The most common side effects with isotretinoin mimic the symptoms of hypervitaminosis A (Zaenglein et al. 2016). With the standard dose, these side effects disappear after treatment discontinuation (Zaenglein et al. 2016). The evaluation of each acne patient should include a complete medical history and a physical examination.
For mild to moderate to severe acne, it generally starts with a combination of local treatments or antibiotic tablets combined with topical treatments. Antibiotics usually start to remove the skin within four weeks and the treatment can take months. However, there is a risk that acne bacteria will develop antibiotic resistance and imperfections will reappear.
However, there are additional considerations that you should consider during the treatment. Women over 25 often have a high percentage of failed treatments . About 80% of women fail in multiple cycles of systemic antibiotic medication and about 30% to 40% fail after one cycle of isotretinoin (Blasiak et al., 2013, Goulden et al., 1997a, Goulden et al., 1997b, Rademaker, 2016). The suspicion of an underlying endocrine disorder should be increased if acne repeat occurs shortly after treatment with isotretinoin . Generally avoid overly aggressive and hard cleaning agents, especially if you are already using a topical prescription ingredient. With dry, sensitive skin, a creamy cleanser may be a better option.
Salicylic acid increases anti-inflammatory and peeling activity, while benzoyl peroxide kills bacteria and is known to cause drying and mild peeling. Benzoyl peroxide-based cleaners and creams are available externally at concentrations of 5 percent or Acne Treatment less, or at higher prescription concentrations. Regardless of what you are trying to do, you should continue treatment for a few months before you see the difference. Visit your doctor if you don’t notice any improvement within six to eight weeks.
Current antibiotics are believed to accumulate in the follicle and can act through anti-inflammatory and antibacterial effects (Mills et al. 2002). Due to increased antibiotic resistance, monotherapy with local antibiotics is not recommended in the treatment of acne. Topical antibiotics are best used in combination with BP (Zaenglein et al. 2016). Hormonal, cystical, stress-induced – forget all the terminology you’ve heard.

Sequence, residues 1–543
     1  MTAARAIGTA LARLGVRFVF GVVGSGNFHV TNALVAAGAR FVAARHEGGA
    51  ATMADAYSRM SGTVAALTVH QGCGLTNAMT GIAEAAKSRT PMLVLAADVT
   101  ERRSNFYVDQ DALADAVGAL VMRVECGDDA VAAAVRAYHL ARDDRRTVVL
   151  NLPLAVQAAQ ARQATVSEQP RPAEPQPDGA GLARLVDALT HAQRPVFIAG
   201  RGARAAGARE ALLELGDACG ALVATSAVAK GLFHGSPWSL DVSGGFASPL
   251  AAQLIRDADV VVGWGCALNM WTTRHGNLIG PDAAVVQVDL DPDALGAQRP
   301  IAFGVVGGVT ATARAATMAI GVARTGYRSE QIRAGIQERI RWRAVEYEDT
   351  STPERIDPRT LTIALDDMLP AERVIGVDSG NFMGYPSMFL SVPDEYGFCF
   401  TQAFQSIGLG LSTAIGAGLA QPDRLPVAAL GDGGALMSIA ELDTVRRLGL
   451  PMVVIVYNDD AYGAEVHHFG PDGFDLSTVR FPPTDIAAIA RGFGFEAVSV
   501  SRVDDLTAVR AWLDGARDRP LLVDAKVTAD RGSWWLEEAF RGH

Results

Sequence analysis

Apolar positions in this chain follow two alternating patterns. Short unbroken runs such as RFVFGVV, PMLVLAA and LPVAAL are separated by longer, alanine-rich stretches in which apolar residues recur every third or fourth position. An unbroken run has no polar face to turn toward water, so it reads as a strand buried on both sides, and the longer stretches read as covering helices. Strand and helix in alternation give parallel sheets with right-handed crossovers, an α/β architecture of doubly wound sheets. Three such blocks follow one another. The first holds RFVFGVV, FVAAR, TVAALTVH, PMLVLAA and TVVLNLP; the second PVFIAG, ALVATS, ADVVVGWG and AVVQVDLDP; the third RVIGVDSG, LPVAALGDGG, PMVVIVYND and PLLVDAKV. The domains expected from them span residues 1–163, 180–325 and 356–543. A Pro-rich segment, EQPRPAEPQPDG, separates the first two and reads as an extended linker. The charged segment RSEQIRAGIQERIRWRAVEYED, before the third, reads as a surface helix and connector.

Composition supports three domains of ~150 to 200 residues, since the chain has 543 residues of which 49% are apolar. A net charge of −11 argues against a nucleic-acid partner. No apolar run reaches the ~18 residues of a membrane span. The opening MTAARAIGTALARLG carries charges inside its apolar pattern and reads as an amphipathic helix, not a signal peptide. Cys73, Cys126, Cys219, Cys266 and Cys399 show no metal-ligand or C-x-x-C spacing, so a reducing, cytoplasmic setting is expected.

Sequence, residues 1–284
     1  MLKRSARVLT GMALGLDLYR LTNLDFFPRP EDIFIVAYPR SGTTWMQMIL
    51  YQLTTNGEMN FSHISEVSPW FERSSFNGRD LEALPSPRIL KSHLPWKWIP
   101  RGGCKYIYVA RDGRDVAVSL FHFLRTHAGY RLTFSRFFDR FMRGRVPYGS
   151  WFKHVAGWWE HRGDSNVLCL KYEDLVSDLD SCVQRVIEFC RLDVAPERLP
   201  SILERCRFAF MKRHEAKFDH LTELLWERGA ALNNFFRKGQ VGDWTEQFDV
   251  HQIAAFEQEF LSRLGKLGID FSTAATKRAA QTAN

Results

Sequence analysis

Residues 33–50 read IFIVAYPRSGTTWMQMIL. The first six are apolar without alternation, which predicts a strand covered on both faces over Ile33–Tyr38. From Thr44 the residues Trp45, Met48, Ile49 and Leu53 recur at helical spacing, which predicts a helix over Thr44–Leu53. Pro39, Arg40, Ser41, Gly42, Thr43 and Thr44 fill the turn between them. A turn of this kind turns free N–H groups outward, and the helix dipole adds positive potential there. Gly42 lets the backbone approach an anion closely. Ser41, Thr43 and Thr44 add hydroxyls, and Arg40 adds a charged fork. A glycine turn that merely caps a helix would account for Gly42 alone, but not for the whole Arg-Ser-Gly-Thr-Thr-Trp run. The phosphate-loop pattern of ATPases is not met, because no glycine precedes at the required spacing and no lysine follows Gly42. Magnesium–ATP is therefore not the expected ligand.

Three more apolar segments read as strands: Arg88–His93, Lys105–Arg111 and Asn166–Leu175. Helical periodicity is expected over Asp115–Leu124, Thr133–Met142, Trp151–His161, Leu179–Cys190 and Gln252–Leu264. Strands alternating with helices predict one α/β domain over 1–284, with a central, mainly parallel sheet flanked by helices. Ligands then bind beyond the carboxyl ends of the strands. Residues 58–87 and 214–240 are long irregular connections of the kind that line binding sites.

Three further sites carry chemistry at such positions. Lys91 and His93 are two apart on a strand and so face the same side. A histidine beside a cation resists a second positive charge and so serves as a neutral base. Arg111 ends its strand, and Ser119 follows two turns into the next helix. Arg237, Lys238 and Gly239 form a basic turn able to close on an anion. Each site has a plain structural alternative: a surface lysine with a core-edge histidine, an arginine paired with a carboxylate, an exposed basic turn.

Minocycline has been shown to be safe and effective at a dose of 1 mg / kg, but no dose response was found for efficacy (Fleischer Jr. et al., 2006, Zaenglein et al. 2016). For practical purposes, minocycline is generally dosed at 50 to 100 mg twice daily. Azelaic acid should also be used with caution in patients with Fitzpatrick type IV or higher skin due to the potential lightning strike (Cunliffe and Holland, 1989, Katsambas et al., 1989, Kircik, 2011). However, this side effect makes azelaic acid a useful supplement in the treatment of acne because it helps treat post-inflammatory dyspigmentation.
Expect your doctor to also prescribe local retinoids, benzoyl peroxide or other topical treatments. In addition to oral antibiotics, some dermatologists prescribe topical antibiotic creams and gels to treat and prevent acne. Topical antibiotics have fewer possible side effects than oral antibiotics and are generally prescribed for less severe and persistent acne cases.